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About this collection

Cecelia McKie, 1903-1982, was a longtime resident of Sacramento, and worked as a secretary for the state of California during WWII. In February 1943, while at home listening to her shortwave radio, she picked up a Radio Tokyo broadcast airing messages sent from prisoners of war held by the Japanese. McKie began relaying the messages to their family members. McKie would listen to the broadcast messages, copy them in shorthand, then transcribe the messages and send them out in a letter. By the end of the war she had forwarded more than 8,500 messages. For her work, McKie was made an honorary member of the American Ex-Prisoners of War; she was awarded a national citation from the organization in 1976.

 

The Cecelia McKie Scrapbook contains letters from a scrapbook maintained by Cecelia McKie during and after World War II. The messages in this collection, transcribed by McKie, were heard on Radio Tokyo from prisoners primarily held at Santo Tomas Internment Camp, Manila, Philippines. The scrapbook contains letters to 62 families of civilian internees and P.O.W.s, many of whom sent thank you letters in response. The majority of the messages in this collection are from civilians, only a few are from members of the military, whose P.O.W. camp locations are typically not listed. The scrapbook’s content consists principally of thank you letters, envelopes, postcards, and copies of the letters McKie sent to family members. The scrapbook also contains two photographs of McKie. All of the broadcast messages are dated May 1943. The bulk of the letters in the collection are dated from May to July 1943. Two letters from the American Ex-Prisoners of War sent to McKie are part of this collection, dated 1976 and 1978.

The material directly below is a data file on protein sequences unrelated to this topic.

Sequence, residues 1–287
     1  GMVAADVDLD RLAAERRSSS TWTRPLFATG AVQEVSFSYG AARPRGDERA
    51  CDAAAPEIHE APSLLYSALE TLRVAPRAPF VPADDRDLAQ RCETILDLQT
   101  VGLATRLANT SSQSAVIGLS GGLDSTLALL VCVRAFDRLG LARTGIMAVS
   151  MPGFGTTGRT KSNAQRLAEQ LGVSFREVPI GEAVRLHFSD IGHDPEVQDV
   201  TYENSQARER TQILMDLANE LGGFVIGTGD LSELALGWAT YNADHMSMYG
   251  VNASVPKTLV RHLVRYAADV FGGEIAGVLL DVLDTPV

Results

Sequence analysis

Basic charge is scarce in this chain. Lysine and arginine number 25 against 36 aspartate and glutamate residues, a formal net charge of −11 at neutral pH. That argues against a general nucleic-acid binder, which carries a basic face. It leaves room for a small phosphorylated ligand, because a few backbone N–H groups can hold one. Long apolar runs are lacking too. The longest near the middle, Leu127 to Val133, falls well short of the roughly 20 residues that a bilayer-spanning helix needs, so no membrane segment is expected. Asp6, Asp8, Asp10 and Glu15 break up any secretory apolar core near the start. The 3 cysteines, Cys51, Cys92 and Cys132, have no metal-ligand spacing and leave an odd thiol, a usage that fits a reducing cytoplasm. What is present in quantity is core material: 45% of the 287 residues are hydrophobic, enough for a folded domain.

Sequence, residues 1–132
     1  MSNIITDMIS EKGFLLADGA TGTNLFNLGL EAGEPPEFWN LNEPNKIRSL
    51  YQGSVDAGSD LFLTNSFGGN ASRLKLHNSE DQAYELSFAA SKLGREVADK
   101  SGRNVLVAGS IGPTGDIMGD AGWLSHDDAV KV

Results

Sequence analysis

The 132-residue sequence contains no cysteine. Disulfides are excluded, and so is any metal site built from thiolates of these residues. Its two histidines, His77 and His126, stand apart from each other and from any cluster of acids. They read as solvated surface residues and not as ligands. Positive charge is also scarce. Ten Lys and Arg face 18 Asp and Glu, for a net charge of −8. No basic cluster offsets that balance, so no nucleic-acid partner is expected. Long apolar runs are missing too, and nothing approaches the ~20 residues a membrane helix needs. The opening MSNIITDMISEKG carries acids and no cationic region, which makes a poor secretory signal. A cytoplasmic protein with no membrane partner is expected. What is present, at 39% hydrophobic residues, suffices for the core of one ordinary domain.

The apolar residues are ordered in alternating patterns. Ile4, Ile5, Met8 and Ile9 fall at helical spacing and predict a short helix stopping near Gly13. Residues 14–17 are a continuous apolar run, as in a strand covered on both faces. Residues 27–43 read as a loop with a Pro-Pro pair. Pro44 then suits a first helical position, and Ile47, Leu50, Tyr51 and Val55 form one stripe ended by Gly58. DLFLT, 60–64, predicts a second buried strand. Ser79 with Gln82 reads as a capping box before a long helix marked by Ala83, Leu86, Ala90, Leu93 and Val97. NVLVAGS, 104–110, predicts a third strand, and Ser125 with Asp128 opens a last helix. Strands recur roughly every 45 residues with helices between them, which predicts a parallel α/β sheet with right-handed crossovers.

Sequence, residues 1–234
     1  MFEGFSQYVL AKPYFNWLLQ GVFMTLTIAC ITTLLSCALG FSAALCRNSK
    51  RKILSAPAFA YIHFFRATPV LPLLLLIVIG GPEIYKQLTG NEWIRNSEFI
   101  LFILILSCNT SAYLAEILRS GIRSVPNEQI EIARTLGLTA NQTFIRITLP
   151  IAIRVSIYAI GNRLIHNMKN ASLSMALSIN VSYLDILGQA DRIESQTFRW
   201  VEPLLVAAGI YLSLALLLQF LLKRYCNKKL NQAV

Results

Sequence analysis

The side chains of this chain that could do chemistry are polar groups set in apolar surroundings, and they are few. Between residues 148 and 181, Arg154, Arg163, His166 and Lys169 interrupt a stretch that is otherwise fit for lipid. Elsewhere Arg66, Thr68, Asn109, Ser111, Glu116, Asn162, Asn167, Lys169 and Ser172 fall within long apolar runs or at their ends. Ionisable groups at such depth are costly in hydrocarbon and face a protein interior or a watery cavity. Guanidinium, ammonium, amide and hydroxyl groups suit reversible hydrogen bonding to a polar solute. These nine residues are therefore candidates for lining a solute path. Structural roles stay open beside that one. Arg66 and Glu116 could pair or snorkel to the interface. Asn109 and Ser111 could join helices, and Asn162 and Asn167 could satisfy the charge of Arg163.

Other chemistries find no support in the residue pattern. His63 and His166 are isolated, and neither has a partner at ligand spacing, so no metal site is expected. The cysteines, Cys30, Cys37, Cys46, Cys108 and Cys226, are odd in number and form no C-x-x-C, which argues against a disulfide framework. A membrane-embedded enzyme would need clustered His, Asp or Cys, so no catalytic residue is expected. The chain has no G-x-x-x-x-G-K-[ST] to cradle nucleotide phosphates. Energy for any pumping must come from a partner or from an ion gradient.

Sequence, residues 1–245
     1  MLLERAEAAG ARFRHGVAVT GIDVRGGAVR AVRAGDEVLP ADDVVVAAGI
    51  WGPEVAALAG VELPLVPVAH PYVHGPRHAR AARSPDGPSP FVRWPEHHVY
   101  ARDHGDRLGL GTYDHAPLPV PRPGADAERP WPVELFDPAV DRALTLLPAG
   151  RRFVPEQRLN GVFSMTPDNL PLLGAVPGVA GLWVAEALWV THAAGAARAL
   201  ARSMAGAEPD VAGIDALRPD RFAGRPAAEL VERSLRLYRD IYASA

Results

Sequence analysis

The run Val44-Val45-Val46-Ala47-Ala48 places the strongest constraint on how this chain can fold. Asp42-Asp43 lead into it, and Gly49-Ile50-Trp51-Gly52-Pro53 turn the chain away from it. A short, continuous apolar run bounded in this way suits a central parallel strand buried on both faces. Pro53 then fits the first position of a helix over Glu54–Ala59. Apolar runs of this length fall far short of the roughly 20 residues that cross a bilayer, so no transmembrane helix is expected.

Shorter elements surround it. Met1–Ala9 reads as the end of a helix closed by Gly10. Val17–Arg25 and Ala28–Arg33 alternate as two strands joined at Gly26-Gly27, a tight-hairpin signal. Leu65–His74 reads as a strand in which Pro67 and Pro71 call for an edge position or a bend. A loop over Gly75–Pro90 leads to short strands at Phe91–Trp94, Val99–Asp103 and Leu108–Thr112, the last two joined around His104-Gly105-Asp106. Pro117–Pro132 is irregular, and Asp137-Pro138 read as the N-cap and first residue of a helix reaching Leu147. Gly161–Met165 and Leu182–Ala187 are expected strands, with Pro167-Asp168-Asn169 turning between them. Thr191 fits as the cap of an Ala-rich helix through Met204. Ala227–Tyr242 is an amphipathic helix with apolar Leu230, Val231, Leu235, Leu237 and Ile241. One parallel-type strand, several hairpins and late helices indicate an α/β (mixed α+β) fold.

The contents of the scrapbook were arranged chronologically by McKie. As she sent out a letter to a family member, it was copied for the scrapbook. If a family member responded, that letter, postcard, or envelope was attached to the copy of McKie’s letter. The contents of the scrapbook have been disassembled and are presented in alphabetical order, by last name of the internee. The corresponding scrapbook page numbers are documented in the object’s description.

 

Occasionally, in the letters sent from McKie, the spelling of a prisoner or family member name is incorrect. In the object descriptions, misspellings of names are noted in quotes (as they appeared in the correspondence) along with corrected names (if available). Sometimes a family member other than the addressee responded to McKie, so there are occasionally differences in the name of the addressee in the letter McKie sent, and the responder’s name. Letters that were returned without delivery are often noted by McKie.

 

Cecelia McKie is also addressed as Mrs. W. L. McKie or Mrs. William L. McKie. Occasionally family members sent thank you letters addressed to Dr. William L. McKie, Cecelia McKie's husband. This is noted in the object descriptions.

 

Tokyo may be referred to as Tokio, an older spelling of Tokyo.

 

Though McKie’s letters use the term "prisoner of war" for both civilians and members of the military, in the collection's object descriptions prisoner of war is used to refer to an interned member of the Armed Forces, while internee is used to refer to an interned civilian.

 

The Cecelia McKie Scrapbook was generously donated to the museum by the American Ex-Prisoners of War, of which McKie was an honorary member. 

 

 

Sources:

 

 

Cecelia McKie Scrapbook (2016.189), Nimitz Education and Research Center, National Museum of the Pacific War, Fredericksburg, TX.

 

Loewen, W. (n.d.). Capital woman ‘Angel of Air Waves’ to POWs. The Sacramento Bee.

 

 
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